Age-specific 12 step programs may also be helpful for the older woman who is working toward overcoming an alcohol use disorder.

Family and loved ones may play an important role in the identification and early intervention of alcohol issues in older women. Taking quick action and connecting to professionalized support as soon as the problem is identified can help improve the overall prognosis.


References:

[1]: National Institute on Alcohol Abuse and Alcoholism, “Use and Misuse of Alcohol Among Older Women”, https://pubs.niaaa.nih.gov/publications/arh26-4/308-315.htm Accessed 29 July 2017
[2]: “Life expectancy—care quality indicators”. QualityWatch. Nuffield Trust & Health Foundation. Accessed 29 July 2017
[3]: GRAHAM, K., and SCHMIDT, G. Alcohol use and psychosocial well–being among older adults. Journal of Studies on Alcohol 60:3


Thank you to Timberline Knolls for providing this article.

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About the Author:

 


The opinions and views of our guest contributors are shared to provide a broad perspective of addictions. These are not necessarily the views of Addiction Hope, but an effort to offer discussion of various issues by different concerned individuals.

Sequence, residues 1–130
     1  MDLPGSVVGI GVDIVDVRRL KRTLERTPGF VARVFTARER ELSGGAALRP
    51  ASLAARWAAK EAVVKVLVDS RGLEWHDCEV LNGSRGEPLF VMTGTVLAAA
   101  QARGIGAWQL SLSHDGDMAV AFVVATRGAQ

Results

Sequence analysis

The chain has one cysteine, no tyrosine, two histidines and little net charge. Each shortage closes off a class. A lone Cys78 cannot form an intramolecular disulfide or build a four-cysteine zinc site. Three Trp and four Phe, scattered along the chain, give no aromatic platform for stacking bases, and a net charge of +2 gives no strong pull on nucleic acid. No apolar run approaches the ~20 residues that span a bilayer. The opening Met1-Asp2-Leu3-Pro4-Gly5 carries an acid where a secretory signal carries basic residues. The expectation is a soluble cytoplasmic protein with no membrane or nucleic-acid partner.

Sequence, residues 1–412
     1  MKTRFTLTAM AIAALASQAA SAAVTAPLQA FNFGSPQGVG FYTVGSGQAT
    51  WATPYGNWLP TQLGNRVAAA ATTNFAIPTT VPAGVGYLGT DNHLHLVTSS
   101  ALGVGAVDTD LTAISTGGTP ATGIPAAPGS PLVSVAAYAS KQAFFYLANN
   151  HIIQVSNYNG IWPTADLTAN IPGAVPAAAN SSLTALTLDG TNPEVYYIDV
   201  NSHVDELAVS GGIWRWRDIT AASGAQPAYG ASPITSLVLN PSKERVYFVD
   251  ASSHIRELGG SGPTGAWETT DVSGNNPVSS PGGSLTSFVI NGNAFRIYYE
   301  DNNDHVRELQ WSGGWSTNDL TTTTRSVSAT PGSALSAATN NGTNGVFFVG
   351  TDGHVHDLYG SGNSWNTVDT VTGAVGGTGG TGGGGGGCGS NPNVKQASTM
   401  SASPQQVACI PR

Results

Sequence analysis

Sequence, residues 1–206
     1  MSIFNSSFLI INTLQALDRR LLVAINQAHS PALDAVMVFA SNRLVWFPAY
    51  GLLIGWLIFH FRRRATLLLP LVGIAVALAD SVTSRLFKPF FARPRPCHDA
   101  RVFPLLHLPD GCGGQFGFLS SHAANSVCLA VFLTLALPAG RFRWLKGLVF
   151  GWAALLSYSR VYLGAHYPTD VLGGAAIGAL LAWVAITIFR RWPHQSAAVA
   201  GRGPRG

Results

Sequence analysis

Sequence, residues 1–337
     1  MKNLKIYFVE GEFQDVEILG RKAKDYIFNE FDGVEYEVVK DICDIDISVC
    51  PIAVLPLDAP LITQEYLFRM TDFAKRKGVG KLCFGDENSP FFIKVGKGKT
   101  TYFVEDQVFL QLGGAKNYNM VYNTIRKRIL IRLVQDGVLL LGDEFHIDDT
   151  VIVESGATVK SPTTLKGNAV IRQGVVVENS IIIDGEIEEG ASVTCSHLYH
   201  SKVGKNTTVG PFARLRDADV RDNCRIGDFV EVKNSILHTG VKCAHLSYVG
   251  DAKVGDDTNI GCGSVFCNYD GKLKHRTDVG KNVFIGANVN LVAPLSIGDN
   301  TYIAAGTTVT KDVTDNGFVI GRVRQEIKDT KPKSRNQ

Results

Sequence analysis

We at Addiction Hope understand that addictions result from a combination of environmental and genetic factors. If you or a loved one are suffering from an addiction, please know that there is hope for you, and seek immediate professional help.


Reviewed By: Jacquelyn Ekern, MS, LPC on May 15, 2019
Published on AddictionHope.com

About Jacquelyn Ekern, MS, LPC

Jacquelyn Ekern founded Addiction Hope in January, 2013, after experiencing years of inquiries for addiction help by visitors to our well regarded sister site, Eating Disorder Hope. Many of the eating disorder sufferers that contact Eating Disorder Hope also had a co-occurring issue of addiction to alcohol, drugs, and process addictions.